Differential income – What is it, definition and concept | 2022

Formulated by the economist David Ricardo, the theory of differential rent maintains that the greater the amount of food generated by the land, the greater the productivity. Thus, the most fertile lands that require less labor will be harvested, leaving the less fertile lands unexploited.

However, the law of diminishing returns must be taken into account. This means that as the population size increases, the demand for food will also increase and less fertile land will begin to be cultivated. All this will lead to a growth in food prices, in such a way that the increase in nominal wages must go hand in hand with the increase in prices.

The differential income concept has been approached from different perspectives, looking for different explanatory factors to the way in which income is generated. There are those who have attributed it to the fertility of the land and those who consider that the income is due to the successive investment in capital.

How does it arise?

As we previously pointed out, there are lands with different levels of fertility and that are found in more favorable locations. Therefore, there will be differences in labor productivity and in the different profits generated by the same capital investment.

Let’s take an example. Plot X has lower fertility, while plot Y is much more fertile. Thus, plot X, with an investment of 20 monetary units, produces one unit. Let’s take into account that the profit will be 25%, then the production price will be 25 monetary units. Thus, to satisfy demand, the price of each unit produced must be set at 25 monetary units.

See also  Should I request an extension of my line of credit?

Let us imagine that we apply an identical capital investment in plot Y. Here the production is 2 units. This means that whoever produces on plot Y receives an income of 50 monetary units. In this way, 5 monetary units correspond to the average rate of profit and the plus profit or income is 25 monetary units.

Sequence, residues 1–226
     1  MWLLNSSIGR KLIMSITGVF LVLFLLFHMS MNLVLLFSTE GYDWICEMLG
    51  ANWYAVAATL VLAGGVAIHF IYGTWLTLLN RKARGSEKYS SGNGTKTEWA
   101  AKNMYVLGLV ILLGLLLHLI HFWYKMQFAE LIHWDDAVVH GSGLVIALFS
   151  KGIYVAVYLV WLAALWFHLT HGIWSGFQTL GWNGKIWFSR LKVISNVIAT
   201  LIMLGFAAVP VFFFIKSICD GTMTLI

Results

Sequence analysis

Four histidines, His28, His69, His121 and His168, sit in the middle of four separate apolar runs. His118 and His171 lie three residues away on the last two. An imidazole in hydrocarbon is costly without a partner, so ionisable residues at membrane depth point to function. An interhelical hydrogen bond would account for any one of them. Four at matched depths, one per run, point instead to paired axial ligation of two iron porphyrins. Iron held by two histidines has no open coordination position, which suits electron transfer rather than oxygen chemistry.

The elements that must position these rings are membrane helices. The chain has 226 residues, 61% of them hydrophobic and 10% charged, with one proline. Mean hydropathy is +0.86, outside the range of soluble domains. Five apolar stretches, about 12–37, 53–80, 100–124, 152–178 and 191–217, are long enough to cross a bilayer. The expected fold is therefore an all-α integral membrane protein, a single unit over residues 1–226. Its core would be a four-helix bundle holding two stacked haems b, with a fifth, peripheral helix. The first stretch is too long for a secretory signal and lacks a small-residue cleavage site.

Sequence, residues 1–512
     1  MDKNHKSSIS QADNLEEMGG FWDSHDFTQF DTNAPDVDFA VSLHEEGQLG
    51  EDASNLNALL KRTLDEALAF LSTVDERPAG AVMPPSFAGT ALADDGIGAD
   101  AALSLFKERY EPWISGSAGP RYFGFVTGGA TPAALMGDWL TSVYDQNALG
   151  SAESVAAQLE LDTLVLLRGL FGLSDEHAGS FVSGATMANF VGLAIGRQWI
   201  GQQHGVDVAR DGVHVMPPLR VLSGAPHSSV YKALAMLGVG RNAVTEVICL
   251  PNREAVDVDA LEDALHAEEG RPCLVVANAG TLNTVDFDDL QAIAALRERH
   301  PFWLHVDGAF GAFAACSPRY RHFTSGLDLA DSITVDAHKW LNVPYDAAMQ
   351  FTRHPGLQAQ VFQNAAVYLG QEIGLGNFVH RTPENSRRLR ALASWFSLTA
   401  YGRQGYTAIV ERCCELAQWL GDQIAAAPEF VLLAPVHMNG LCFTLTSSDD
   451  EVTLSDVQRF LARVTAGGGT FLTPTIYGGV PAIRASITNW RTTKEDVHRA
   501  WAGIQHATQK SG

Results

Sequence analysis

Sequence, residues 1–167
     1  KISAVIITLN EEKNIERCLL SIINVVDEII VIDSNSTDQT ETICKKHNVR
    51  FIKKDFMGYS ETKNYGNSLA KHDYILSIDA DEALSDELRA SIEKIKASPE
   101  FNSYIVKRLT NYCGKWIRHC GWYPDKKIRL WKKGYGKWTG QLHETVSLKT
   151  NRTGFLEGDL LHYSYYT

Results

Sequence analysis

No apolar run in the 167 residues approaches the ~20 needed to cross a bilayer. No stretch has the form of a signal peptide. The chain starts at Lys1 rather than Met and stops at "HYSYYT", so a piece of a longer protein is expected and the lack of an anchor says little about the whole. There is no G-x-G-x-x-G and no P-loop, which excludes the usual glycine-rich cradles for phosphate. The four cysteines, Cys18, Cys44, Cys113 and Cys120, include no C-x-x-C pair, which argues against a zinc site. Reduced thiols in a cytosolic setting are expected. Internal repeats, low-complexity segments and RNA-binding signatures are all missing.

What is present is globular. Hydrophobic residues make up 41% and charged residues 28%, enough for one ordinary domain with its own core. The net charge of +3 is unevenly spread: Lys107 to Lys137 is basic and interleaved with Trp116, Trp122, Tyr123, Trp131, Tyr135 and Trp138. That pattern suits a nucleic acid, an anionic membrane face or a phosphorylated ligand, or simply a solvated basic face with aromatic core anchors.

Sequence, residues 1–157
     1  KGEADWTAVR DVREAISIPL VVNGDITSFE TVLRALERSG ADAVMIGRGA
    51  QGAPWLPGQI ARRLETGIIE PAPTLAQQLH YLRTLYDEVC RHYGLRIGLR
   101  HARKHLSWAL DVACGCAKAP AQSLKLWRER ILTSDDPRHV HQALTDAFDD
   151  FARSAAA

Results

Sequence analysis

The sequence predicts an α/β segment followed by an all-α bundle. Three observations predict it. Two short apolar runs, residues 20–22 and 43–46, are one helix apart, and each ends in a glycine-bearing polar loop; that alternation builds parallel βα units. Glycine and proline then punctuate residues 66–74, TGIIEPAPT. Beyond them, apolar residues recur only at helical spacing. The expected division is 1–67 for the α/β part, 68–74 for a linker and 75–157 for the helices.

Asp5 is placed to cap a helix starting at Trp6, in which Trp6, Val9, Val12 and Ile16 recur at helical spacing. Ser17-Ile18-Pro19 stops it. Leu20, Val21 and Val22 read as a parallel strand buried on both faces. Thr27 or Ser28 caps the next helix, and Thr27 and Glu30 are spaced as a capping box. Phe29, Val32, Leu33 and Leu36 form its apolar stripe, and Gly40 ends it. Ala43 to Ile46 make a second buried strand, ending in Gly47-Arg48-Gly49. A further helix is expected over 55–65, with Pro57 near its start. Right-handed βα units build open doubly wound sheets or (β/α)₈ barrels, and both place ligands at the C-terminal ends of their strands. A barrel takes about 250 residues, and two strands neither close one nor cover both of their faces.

Differential rent and land ownership

Now, if the person who works the land is the owner, he pockets the rent, while, if the land is rented, it will be the lessor who takes the rent.

Therefore, the labor employed on the more fertile lands will provide greater value than the labor exerted on the less fertile lands. In conclusion, the higher the productivity, the lower the production costs and the lower the production price with respect to less fertile land.

In any case, the income will be generated regardless of who owns it. What determines rent is the fertility of the land.

Authors such as Marx and Lenin have reflected in depth regarding land ownership, proposing that the state assume ownership of the land. However, if the property of the cultivated areas were nationalized, the rent would be monopolized by the State.

Differential rent type II

Opposite to the classic visions of the beginning of the 20th century about what differential rent supposes, other theses emerge about what surplus profits suppose. These theses argue that the progressive investments in capital on the same crop area bring with them a lower productivity of the labor factor. In this way, the last investment will lead to generate a normal rate of profit.

See also  The impact of COVID on Spanish professional football

The context in which type II differential rent is framed is a situation in which capitalism on earth is at the highest level of development. In this way, the tenants take away the profit generated by the additional capital investments. At the end of the lease, the tenants keep the profit. Therefore, the interest of the tenants will be to lengthen the duration of the lease as much as possible, while the lessor or owner of the land will seek shorter lease terms.

Leave a Comment